A new tool threatens to expose a huge swath of Android devices to serious risk. The attack called Drammer was devised by a team of researchers in Amsterdam and is based on the Rowhammer bug, which is a vulnerability that lets hackers manipulate data stored in memory chips.
The exploit has successfully pushed past key security defenses that protect an Android device from malicious codes. The researchers embedded it in an app that requires no permissions. Once, downloaded, it then proceeds on systematically taking over core parts of the operating system.
"The attacks that we are publishing now show that we need to think differently about how we protect software," Victor van der Veen, a member of the research team working for the University of Vrije, said in a Wired report. "A thing like Rowhammer shows that at any given time a trap can come up that nobody ever thought of."
Rowhammer works by attacking the mobile device's dynamic random access memory (DRAM) through repeated access to a row of transistors on a memory chip. The process can create damage as it causes electricity to leak causing a bit to flip. The systematic hammering attack ultimately allows attackers to subtly tamper data and gain control of the device.
This is critical because it means that the problem cannot be solved by a simple software update or conventional anti-hacking measures. The computer chip has to be replaced in order to eliminate the risk. To top it all, once hardware change has been instituted, there is the possibility that the user experience is permanently compromised.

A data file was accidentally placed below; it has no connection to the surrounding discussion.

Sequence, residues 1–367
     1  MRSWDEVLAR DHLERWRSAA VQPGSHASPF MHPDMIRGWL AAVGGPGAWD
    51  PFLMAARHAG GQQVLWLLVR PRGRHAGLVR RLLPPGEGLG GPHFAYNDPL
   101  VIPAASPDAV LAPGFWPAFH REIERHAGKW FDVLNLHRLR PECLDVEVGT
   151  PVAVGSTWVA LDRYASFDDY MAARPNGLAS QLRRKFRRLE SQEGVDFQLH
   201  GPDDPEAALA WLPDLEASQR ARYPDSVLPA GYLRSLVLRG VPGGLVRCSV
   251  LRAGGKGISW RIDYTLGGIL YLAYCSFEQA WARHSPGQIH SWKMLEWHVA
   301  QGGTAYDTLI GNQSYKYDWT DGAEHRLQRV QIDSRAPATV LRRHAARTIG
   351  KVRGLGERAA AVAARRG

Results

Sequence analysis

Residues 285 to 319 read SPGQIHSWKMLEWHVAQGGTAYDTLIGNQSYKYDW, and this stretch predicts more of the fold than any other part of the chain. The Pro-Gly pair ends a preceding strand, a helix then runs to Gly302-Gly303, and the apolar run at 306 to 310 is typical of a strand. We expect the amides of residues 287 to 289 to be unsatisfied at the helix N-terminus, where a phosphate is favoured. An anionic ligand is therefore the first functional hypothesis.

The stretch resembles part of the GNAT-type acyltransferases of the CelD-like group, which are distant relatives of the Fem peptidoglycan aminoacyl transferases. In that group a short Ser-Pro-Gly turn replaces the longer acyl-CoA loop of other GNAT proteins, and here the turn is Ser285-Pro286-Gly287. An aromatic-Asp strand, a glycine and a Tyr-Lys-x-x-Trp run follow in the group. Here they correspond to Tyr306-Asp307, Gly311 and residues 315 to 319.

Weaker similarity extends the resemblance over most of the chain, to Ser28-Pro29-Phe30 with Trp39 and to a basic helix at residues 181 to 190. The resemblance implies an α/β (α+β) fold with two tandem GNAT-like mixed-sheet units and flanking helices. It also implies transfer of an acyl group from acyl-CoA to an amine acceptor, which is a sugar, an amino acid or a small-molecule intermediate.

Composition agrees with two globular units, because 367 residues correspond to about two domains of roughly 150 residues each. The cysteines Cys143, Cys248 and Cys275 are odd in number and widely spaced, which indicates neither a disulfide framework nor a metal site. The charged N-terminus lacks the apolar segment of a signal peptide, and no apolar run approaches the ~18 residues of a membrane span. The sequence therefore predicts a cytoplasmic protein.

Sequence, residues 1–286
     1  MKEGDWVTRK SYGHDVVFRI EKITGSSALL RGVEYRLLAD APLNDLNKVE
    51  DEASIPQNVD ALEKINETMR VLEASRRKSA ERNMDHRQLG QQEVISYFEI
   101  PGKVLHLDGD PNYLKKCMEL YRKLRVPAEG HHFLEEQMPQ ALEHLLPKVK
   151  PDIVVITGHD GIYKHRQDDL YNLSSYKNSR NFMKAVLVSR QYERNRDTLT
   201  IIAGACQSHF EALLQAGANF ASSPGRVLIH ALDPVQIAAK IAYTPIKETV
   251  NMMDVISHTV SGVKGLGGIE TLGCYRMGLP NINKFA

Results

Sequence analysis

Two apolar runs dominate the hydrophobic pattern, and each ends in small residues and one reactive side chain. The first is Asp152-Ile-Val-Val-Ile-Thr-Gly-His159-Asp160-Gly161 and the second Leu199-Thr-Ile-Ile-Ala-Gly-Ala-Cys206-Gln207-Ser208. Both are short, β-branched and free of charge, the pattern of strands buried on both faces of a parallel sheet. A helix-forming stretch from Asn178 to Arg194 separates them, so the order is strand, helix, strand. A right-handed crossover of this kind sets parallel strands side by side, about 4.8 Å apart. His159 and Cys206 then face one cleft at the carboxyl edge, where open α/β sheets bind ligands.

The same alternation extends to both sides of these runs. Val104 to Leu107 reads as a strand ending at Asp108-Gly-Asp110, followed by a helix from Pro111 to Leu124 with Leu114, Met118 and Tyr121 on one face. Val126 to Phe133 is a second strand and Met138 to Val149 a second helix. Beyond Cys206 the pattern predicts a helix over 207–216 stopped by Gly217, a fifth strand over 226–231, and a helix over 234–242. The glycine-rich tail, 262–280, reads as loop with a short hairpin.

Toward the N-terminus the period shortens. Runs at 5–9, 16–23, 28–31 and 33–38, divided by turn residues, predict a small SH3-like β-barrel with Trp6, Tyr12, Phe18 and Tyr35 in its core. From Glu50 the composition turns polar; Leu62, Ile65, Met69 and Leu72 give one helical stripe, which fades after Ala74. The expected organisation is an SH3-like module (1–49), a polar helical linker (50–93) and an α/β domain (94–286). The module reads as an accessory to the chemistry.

Presently, the researchers has identified ARM-based devices and those that use x86 x64 architecture as particularly vulnerable. The researchers tested several devices and those that were found at risk include the Google Nexus 5, LG G4 and OnePlus One, among others. This information is a bit troubling to some because certain iPhone models are also equipped with the same memory chips.
There is still no known security fix for Rowhammer. Google has promised to look into the issue. In the meantime, the problem is threatening to blow over because it is also said to be effective when used to hack cloud platfomrs and browser application for the PC.
"The design is very general and applies not just on mobile platforms but perhaps even in the cloud, even in the browser on desktop computers," Cristiano Giuffrida, a member of the research team, said in the Wired report. "So the impact of this attack is much broader than just mobile phones."
The researchers are currently developing an app that can determine whether a phone is vulnerable to Rowhammer.